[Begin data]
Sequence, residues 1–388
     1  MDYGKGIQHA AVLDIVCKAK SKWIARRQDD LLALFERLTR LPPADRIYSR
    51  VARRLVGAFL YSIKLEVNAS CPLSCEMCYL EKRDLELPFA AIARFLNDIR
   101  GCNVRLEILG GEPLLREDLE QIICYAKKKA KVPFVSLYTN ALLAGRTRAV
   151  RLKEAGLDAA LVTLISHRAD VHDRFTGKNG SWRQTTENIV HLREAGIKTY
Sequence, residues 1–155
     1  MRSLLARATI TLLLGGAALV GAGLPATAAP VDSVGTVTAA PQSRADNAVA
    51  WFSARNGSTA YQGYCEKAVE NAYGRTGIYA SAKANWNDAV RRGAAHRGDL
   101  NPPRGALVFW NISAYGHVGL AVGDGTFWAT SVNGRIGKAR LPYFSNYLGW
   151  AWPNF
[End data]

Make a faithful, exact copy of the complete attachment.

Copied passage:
Sequence, residues 1–388
     1  MDYGKGIQHA AVLDIVCKAK SKWIARRQDD LLALFERLTR LPPADRIYSR
    51  VARRLVGAFL YSIKLEVNAS CPLSCEMCYL EKRDLELPFA AIARFLNDIR
   101  GCNVRLEILG GEPLLREDLE QIICYAKKKA KVPFVSLYTN ALLAGRTRAV
   151  RLKEAGLDAA LVTLISHRAD VHDRFTGKNG SWRQTTENIV HLREAGIKTY
Sequence, residues 1–155
     1  MRSLLARATI TLLLGGAALV GAGLPATAAP VDSVGTVTAA PQSRADNAVA
    51  WFSARNGSTA YQGYCEKAVE NAYGRTGIYA SAKANWNDAV RRGAAHRGDL
   101  NPPRGALVFW NISAYGHVGL AVGDGTFWAT SVNGRIGKAR LPYFSNYLGW
   151  AWPNF